It allows professionals to take time to pause and reflect, communicate and plan, which undoubtedly leads to better outcomes for patients and staff.

But in reality, reflective practice can often be left to the bottom of the pile, underneath many of the competing responsibilities facing staff who are often pressed for time.

It could be argued that this is also why reflective practice is so important – healthcare staff are facing so many pressures that it actually makes less sense to neglect the important work of individual and team reflection.

The Royal College of Nursing defines reflective practice as: A conscious effort to think about an activity or incident that allows us to consider what was positive or challenging and if appropriate
plan how it might be enhanced, improved or done differently in the future.

Staff at Elysium St Neots Neurological Centre in Cambridgeshire started doing regular, weekly reflective practices when its new hospital director, Fiona Box, came into the role a few months ago.

The nurses and healthcare assistants from a ward are invited into the meetings and in their absence the therapy staff monitor patients and provide activities.

“We thought it would be helpful for team members to give them the opportunity to think, learn, and to hear their opinions,” says charge nurse Jemima Vincent.

“If we have an incident with a patient, we discuss it in the session” she says.

Sessions are led by the management team, with added input from psychology teams on each ward.

They will talk through any strengths, weaknesses and opportunities, and work through an analysis to learn from the incident and create an action plan.

They talk about the worst-case scenario in relation to an individual situation and discuss how staff would manage that, so they’re better prepared in the event of it happening.

While they focus on one patient at a time, issues arise during conversations that bring in their wider experiences.

In an article* published in the Nursing Times in 2019, Andrea Sutcliffe, chief executive of the Nursing and Midwifery Council said: “In these challenging times for health and social care, it’s so important that collectively we do all we can to support our health and care professionals, and their employers, in devoting time to individual, reflective, personal and honest thinking.”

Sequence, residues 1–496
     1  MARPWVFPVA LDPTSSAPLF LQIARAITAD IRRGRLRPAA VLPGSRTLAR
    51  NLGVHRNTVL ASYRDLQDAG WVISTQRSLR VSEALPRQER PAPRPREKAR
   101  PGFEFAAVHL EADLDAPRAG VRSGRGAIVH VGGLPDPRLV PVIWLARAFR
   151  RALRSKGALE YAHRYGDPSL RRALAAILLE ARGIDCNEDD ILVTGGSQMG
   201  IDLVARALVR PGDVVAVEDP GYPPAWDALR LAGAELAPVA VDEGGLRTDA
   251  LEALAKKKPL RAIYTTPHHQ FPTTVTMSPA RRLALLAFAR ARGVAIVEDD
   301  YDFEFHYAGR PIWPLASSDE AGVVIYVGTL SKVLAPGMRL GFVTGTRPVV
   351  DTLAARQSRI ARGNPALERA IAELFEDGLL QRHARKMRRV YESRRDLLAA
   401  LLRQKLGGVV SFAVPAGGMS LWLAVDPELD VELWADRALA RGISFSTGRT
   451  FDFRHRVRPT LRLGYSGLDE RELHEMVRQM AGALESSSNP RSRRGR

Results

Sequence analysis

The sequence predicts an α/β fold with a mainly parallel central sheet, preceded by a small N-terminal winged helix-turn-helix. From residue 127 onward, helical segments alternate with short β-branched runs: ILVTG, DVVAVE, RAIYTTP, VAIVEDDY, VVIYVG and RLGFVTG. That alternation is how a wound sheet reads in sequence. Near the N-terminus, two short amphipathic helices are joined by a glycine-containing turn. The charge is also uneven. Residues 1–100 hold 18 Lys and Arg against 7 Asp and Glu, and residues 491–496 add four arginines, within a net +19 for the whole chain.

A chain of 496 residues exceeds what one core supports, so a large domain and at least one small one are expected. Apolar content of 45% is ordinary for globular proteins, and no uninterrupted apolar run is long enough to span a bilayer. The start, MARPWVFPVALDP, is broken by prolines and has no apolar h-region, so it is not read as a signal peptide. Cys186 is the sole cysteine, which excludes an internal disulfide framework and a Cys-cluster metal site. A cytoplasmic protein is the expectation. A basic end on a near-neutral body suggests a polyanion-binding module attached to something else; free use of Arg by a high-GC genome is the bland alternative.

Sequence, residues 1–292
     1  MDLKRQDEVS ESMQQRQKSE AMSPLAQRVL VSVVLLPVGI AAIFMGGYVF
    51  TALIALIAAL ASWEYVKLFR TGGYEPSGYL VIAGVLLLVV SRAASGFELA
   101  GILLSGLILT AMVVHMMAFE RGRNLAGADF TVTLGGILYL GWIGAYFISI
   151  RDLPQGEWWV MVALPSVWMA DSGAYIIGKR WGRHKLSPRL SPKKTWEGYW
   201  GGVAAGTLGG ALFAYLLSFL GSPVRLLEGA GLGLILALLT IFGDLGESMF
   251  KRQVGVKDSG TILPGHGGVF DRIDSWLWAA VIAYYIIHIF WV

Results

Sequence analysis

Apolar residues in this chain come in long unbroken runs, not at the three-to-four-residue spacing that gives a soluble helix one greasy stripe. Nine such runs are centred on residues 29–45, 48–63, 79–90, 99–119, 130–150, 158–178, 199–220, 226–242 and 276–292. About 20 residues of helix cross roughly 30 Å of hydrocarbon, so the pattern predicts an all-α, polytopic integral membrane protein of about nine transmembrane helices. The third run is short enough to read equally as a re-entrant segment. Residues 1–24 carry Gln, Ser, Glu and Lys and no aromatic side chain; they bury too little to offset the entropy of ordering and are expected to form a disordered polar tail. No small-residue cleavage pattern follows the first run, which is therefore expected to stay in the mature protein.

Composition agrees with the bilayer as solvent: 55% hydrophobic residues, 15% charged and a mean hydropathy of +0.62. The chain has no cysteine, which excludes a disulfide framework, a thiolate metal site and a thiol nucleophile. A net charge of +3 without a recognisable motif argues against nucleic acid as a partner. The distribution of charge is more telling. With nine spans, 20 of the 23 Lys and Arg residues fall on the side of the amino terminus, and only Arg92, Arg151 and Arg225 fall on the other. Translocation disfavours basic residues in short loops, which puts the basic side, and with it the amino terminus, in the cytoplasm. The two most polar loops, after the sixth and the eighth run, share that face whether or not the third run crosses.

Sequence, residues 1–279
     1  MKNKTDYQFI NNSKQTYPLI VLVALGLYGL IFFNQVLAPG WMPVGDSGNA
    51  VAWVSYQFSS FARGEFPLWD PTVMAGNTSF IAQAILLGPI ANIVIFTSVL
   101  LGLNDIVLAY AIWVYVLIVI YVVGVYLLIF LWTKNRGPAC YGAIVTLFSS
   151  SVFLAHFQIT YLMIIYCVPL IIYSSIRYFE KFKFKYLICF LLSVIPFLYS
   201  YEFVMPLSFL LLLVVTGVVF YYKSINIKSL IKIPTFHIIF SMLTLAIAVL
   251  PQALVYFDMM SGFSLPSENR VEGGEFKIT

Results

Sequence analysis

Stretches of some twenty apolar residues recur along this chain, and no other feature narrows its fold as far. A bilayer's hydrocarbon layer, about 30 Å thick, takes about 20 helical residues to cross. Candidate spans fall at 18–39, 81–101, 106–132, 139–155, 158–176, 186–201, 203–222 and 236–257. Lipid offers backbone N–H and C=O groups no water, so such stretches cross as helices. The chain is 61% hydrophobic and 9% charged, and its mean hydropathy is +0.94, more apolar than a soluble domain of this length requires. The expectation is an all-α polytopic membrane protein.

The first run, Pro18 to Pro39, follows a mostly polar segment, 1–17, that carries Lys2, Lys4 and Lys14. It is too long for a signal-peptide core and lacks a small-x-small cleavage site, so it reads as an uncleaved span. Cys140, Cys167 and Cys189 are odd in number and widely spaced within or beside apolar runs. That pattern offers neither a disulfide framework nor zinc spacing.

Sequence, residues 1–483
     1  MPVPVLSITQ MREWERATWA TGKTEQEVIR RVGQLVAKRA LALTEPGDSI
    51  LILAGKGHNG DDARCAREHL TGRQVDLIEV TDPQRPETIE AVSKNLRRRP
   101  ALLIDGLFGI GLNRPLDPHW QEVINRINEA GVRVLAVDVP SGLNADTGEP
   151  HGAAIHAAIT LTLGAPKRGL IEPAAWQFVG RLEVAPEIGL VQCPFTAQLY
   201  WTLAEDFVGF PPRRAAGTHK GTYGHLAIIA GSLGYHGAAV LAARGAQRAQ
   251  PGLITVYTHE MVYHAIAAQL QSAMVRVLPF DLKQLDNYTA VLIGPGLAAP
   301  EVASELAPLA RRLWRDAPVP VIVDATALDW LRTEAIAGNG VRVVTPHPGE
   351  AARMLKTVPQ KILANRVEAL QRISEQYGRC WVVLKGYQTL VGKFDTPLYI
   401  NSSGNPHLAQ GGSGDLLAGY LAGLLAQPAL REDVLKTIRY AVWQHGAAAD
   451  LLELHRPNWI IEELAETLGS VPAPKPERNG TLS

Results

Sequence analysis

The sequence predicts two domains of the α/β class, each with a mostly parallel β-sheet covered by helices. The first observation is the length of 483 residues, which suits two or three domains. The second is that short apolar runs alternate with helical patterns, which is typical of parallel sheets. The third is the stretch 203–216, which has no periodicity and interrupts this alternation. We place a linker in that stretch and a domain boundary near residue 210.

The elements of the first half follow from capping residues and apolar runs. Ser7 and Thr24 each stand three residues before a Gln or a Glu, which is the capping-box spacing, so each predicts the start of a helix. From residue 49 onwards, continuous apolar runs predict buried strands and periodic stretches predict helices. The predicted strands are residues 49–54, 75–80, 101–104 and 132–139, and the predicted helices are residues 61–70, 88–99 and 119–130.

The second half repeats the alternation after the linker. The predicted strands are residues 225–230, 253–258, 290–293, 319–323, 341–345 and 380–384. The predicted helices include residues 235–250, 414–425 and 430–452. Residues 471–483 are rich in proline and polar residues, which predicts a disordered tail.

Fiona has received encouraging feedback from staff, who say the meetings help the staff feel much more involved in a patient’s care and allow the team to increase their knowledge and understanding resulting in a more consistent way of working.

“Healthcare workers often don’t fully understand patients’ diagnoses or why they’re reacting in a certain way, for example,” Jemima says.

“They know a patient presents with certain behaviours and may be taking medicine to help them cope but they’re not aware why the patient is showing signs of aggression and the best response to deescalate the situation,” she says.

“It’s a learning opportunity for staff, because reflective practice means that they can understand a patient’s diagnosis and why they behave how they do,” Jemima says.

“Reflective practice answers their ‘why’ questions, and gives them a more open mind.”

Jemima also benefits from the meetings; it’s a way for her to get to know staff better, especially when it comes to learning opportunities.

“I’m able to understand what level of support each member of the team requires, including training needs and if they need more knowledge on a specific topic.”

In her final year as a mental health nurse student on extended clinical placement at Elysium St. Neots, Jo took part in a reflective practice session.

She had just finished her dissertation, in which she looked at how settings can increase the opportunities and variety of reflective practices within hospital settings.